It is time Wisconsin adopt some form of a right-to-carry law.

Wisconsin is one of only two states left in the Union that does not grant its citizens the right to carry a concealed weapon — Illinois is the other. Most of the other 48 states enacted this form of legislation within the last decade. Wisconsin needs to get with the times.

While it may seem unnerving to some to suggest putting more guns on the streets, statistics gathered from other states show more guns equal less crime. In fact, according to the National Rifle Association, 2005 U.S. Justice Department data shows states with right-to-carry laws, on average, have 22 percent lower total violent crime rates and a 30 percent lower murder rate.

The fact is, criminals prefer unarmed victims. Criminals will have weapons regardless of any law meant to keep them out of their hands. Whether they attain them via the black market or through other illegal means, criminals — who intrinsically have no respect for law in the first place — will find a way to arm themselves if they really want to. If citizens are disarmed by law, what is left? By definition, all law-abiding citizens would then be disarmed, leaving only the criminals with weapons.

Why punish law-abiding citizens by depriving them of the right to carry while thugs roam the streets fully armed and fully conscious that no one has the power to defend himself? Failure to enact a right-to-carry law in Wisconsin only harms good, honest Wisconsinites. After all, as Plato said, “Good people do not need laws to tell them to act responsibly, while bad people will find a way around the laws.”

The Department of Justice reports these states also have a 46 percent lower robbery rate and a 12 percent lower aggravated assault rate. Just the very threat of armed citizens deters criminals.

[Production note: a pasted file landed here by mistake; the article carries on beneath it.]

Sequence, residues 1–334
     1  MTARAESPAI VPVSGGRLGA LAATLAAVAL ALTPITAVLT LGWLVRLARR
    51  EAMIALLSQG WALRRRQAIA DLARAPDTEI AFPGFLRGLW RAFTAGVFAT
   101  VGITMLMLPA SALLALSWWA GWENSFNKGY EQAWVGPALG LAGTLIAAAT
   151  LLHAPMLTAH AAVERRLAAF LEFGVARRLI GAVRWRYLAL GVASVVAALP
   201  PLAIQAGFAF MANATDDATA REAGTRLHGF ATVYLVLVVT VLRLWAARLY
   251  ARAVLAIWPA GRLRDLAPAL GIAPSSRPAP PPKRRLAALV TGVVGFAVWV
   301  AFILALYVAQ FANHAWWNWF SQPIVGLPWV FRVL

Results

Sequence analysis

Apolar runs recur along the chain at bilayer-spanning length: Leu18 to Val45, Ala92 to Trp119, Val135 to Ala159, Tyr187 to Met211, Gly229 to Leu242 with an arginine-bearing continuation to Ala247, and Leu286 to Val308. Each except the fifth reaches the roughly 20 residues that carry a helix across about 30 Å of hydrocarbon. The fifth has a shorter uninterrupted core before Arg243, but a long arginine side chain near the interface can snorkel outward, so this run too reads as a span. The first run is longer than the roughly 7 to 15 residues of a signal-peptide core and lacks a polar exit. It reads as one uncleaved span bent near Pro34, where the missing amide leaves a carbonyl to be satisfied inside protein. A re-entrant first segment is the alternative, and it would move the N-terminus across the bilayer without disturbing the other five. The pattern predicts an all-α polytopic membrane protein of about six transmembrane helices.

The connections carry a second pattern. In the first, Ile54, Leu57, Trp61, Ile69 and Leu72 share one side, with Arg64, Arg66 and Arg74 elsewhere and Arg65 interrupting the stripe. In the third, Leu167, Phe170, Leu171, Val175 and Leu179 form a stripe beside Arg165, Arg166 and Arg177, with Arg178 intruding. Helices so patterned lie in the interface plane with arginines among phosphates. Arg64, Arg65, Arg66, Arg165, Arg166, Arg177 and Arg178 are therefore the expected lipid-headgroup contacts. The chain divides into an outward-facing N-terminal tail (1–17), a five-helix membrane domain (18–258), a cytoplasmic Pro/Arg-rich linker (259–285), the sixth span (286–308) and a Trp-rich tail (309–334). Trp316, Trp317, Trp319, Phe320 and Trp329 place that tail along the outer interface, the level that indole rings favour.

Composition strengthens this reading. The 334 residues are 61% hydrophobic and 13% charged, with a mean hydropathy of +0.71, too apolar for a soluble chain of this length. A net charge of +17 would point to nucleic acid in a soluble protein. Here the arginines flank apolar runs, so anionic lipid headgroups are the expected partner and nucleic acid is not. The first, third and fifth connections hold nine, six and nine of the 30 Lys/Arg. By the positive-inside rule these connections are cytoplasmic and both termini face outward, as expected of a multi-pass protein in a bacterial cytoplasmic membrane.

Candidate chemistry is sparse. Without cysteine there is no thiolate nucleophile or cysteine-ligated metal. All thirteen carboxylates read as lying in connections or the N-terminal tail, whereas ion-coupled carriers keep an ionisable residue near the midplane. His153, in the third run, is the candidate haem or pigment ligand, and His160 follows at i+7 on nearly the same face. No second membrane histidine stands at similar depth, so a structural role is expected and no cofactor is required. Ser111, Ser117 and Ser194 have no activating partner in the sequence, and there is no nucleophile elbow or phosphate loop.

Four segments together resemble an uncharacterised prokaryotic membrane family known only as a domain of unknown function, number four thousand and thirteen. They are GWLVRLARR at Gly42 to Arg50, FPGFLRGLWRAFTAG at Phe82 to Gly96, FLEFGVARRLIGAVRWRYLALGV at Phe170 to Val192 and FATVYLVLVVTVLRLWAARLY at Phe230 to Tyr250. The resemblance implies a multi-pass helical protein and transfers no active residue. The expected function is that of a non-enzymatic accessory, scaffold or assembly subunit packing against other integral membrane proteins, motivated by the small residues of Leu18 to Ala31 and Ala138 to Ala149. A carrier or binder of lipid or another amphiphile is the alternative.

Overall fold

It has been a year now since the tragedy at Virginia Tech, yet we have not learned our lesson. The tragedy there was a microcosm of the scenario on streets where citizens do not have the right to carry. Virginia Tech had been declared a “gun-free zone,” and thus the only one with a weapon was the man planning on using it to kill his unarmed classmates. Had the people around the killer been armed, 32 people may not have been slain.

Florida was the first to enact right-to-carry legislation in 1987. According to the NRA, since then it has issued more than 1.2 million carry-and-conceal permits to its citizens. Only 157 have been revoked because of a gun-related crime, and in the first five years after Florida enacted the law, its murder rate dropped by 23 percent.

Why? Because good, honest people were sick of being easy prey for criminals, and they finally stood up for themselves.

A study conducted by the Department of Justice found “34 percent of felons had been ‘scared off, shot at, wounded or captured by an armed victim.”

Obviously there must be common sense that goes along with this law. It seems only logical that people should have to go through a screening process to attain a permit to carry a concealed weapon — though Vermont and Alaska have unrestricted right-to-carry laws.

Wisconsin has tried to pass the right-to-carry law in recent years, and it has passed both the state Senate and Assembly. Governor Doyle, however, vetoed the bill and the decision fell just two votes short of overriding the governor’s veto in 2006.

The statistics are hard to argue with. The passage of this law has coincided heavily with reduced crime rates all across the country, and it is time that Wisconsin wises up and gets on board by enacting a right-to-carry law.

Joe Trovato ([email protected]) is a sophomore majoring in journalism.